Man of Steel As beloved as he is, Superman is a tough superhero to crack — or otherwise bend into anything resembling a modern character. Director Zack Snyder and writer David S. Goyer, working with producer Christopher Nolan on the initial story, do their best to nuance this reboot, which focuses primarily on Supe’s alien origins and takes its zoom-happy space battles from Battlestar Galactica. The story begins with Kal-El’s birth on a Krypton that’s rapidly going into the shitter: the exploited planet is about to explode and wayward General Zod (Michael Shannon) is staging a coup, killing Kal-El’s father, Jor-El (Russell Crowe), the Kryptonians’ lead scientist, and being conveniently put on ice in order to battle yet another day. That day comes as Kal-El, now a 20-something earthling named Clark Kent (Henry Cavill) — resigned to his status as an outsider, a role dreamed up by his protective adoptive dad (Kevin Costner) — has turned into a bit of a (dharma) bum, looking like a buff Jack Kerouac, working Deadliest Catch-style rigs, and rescuing people along the way to finding himself. Spunky Lois Lane (Amy Adams) is the key to his, erm, coming-out party, necessitated by a certain special someone looking to reboot the Kryptonian race on earth. The greatest danger here lies in the fact that all the leached-of-color quasi-sepia tone action can turn into a bit of a Kryptonian-US Army demolition derby, making for a mess of rubble and tricky-to-parse fight sequences that, of course, will satisfy the fanboys and -girls, but will likely glaze the eyes of many others. Nevertheless, the effort Snyder and crew pack into this lengthy artifact — with its chronology-scrambling flashbacks and multiple platforms for Shannon, Diane Lane, Christopher Meloni, Laurence Fishburne, and the like — pays off on the level of sheer scale, adding up to what feels like the best Superman on film or TV to date — though that bar seems pretty easy to leap over in a single bound. (2:23) Balboa, Marina, Metreon, 1000 Van Ness, Sundance Kabuki. (Chun)
Monsters University Seven-year-old Mike Wazowski is even more adorable than grown-up, Billy-Crystal-voiced Mike Wazowski. It’s a pity, then, that one of the big lessons Monsters University teaches is that the essence of monster-identity is how scary one is. What Mike loses in frightfulness he forcefully recovers in spunk, and after a trip to the scare floor that briskly reminds us the premise of 2001’s Monsters, Inc., mini-Mike becomes the first ever career-driven Pixar character. (For this, I love him.) We all know he eventually becomes a superstar in this scare-powered retro-verse, but first he has to overcome frat boy-inflicted embarrassment and flunk out of school. The most noteworthy thing about Pixar’s first prequel is how very massively its characters fail — it’s a lovely tilt that suggest the greatness of tomorrow begins when you overcome the failures of today. The administrators of Monsters University (in particular Helen Mirren’s dragon-lady Dean) require formal perfection in the scares they grade, but in the world of actual scarers, oddness and difference actually become advantages. It’s all theory but no rulebook. And doesn’t that sound like a good lesson from the studio that once proudly said “story is king,” yet now scrambles to meet Disney’s once-a-year feature demands? Such rigidity comes at a price. (1:50) 1000 Van Ness, Presidio, SF Center, Shattuck, Sundance Kabuki, Vogue. (Vizcarrondo)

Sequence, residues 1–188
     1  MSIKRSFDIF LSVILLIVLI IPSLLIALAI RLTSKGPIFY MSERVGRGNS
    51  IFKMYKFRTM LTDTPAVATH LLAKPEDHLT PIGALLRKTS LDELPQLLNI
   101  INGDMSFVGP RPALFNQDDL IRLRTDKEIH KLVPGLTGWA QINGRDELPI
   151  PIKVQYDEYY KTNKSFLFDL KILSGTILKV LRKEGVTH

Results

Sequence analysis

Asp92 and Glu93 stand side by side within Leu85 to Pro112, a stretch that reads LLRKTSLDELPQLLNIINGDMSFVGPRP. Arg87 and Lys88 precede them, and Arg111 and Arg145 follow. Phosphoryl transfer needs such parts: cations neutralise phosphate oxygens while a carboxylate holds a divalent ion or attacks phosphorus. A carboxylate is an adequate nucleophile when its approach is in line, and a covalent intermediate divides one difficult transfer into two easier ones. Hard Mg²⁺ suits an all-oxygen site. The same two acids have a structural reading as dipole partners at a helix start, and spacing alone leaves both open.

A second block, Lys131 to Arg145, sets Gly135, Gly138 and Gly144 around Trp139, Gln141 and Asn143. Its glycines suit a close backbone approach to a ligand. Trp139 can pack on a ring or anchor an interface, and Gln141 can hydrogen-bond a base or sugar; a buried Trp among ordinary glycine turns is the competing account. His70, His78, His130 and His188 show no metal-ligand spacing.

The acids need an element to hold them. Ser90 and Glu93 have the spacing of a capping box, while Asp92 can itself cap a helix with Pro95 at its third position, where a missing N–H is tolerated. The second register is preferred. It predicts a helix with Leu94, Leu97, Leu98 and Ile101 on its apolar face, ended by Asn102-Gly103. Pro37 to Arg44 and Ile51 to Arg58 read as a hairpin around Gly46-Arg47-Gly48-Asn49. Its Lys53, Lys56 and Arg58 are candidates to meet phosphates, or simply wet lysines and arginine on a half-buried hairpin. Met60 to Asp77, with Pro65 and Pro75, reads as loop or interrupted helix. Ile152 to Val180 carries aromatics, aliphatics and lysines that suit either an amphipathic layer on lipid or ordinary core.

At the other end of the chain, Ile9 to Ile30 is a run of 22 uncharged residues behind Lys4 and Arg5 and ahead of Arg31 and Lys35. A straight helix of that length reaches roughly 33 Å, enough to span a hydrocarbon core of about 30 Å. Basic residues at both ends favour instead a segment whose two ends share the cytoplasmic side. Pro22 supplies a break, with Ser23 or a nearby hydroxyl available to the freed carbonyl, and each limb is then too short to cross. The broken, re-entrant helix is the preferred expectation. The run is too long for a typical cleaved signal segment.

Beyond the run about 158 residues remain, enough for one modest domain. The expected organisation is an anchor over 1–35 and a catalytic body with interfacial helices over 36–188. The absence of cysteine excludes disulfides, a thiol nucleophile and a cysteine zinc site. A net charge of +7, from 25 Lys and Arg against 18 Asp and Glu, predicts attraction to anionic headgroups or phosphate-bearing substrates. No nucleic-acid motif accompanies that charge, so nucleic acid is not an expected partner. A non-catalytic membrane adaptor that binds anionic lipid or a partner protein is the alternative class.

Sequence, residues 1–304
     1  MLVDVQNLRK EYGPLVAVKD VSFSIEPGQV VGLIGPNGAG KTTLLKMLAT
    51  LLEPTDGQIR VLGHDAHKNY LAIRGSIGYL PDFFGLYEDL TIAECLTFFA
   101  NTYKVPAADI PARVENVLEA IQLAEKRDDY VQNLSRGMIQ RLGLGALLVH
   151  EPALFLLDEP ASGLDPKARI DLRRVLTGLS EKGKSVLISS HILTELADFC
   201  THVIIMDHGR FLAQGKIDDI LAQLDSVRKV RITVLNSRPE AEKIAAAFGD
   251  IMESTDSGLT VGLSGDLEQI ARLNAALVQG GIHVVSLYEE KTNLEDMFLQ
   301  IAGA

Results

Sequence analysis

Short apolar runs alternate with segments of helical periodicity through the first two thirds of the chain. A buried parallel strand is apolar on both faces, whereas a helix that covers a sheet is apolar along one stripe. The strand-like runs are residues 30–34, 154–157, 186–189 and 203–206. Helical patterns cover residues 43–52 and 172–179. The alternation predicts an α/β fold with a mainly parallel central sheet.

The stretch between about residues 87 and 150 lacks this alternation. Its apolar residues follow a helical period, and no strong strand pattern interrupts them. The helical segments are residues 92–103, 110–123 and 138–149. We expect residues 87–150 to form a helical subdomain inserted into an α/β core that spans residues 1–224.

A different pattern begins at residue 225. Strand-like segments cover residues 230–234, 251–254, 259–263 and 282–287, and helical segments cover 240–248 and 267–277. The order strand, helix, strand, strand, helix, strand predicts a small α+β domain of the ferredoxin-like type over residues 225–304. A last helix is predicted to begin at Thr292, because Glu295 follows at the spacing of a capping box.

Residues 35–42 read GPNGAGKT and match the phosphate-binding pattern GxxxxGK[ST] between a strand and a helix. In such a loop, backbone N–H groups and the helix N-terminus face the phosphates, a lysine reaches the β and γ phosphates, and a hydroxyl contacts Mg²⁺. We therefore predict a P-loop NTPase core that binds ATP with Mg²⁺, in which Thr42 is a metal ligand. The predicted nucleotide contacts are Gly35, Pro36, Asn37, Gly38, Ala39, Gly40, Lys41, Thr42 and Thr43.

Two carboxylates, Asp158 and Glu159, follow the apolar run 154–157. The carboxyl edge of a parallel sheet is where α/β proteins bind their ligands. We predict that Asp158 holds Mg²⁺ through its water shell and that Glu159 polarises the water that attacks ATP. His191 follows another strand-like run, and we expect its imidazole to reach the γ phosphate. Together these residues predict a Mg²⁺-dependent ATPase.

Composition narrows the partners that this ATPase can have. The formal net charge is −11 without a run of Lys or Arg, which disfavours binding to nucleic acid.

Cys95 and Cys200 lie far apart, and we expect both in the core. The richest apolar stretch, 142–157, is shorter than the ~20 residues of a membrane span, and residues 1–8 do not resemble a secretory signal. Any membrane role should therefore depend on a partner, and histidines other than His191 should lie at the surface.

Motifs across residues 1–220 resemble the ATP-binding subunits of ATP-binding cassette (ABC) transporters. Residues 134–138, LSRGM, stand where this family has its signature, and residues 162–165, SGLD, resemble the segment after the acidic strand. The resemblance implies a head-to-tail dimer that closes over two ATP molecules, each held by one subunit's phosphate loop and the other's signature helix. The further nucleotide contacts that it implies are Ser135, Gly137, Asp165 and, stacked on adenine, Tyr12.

Much Ado About Nothing Joss Whedon (last year’s The Avengers) shifts focus for a minute to stage an adaptation of the Shakespeare comedy, drawing his players from 15 years’ worth of awesome fantasy/horror/sci-fi TV and film projects. When the Spanish prince Don Pedro (Reed Diamond) pays a post-battle visit to the home of Leonato (Clark Gregg) with his officers Claudio (Fran Kranz) and Benedick (Alexis Denisof), Claudio falls for Leonato’s daughter, Hero (Jillian Morgese), while Benedick falls to verbal blows with Hero’s cousin Beatrice (Amy Acker). Preserving the original language of the play while setting his production in the age of the iPhone and the random hookup, Whedon makes clever, inventive use of the juxtaposition, teasing out fresh sources of visual comedy as well as bringing forward the play’s oddities and darker elements. These shadows fall on Beatrice and Benedick, whose sparring — before they succumb to a playfully devious setup at the hands of their friends — has an ugly, resentful heat to it, as well as on Hero and Claudio, whose filmy romance is unsettlingly easy for their enemies, the malevolent Don John (Sean Maher) and his cohorts, to sabotage. Some of Acker and Denisof’s broader clowning doesn’t offer enough comic payoff for the hammy energy expenditure, but Nathan Fillion, heading up local law enforcement as the constable Dogberry, delivers a gleeful depiction of blundering idiocy, and the film as a whole has a warm, approachable humor while lightly exposing “all’s well that ends well”‘s wacky, dysfunctional side. (1:49) Albany, 1000 Van Ness, Piedmont, SF Center. (Rapoport)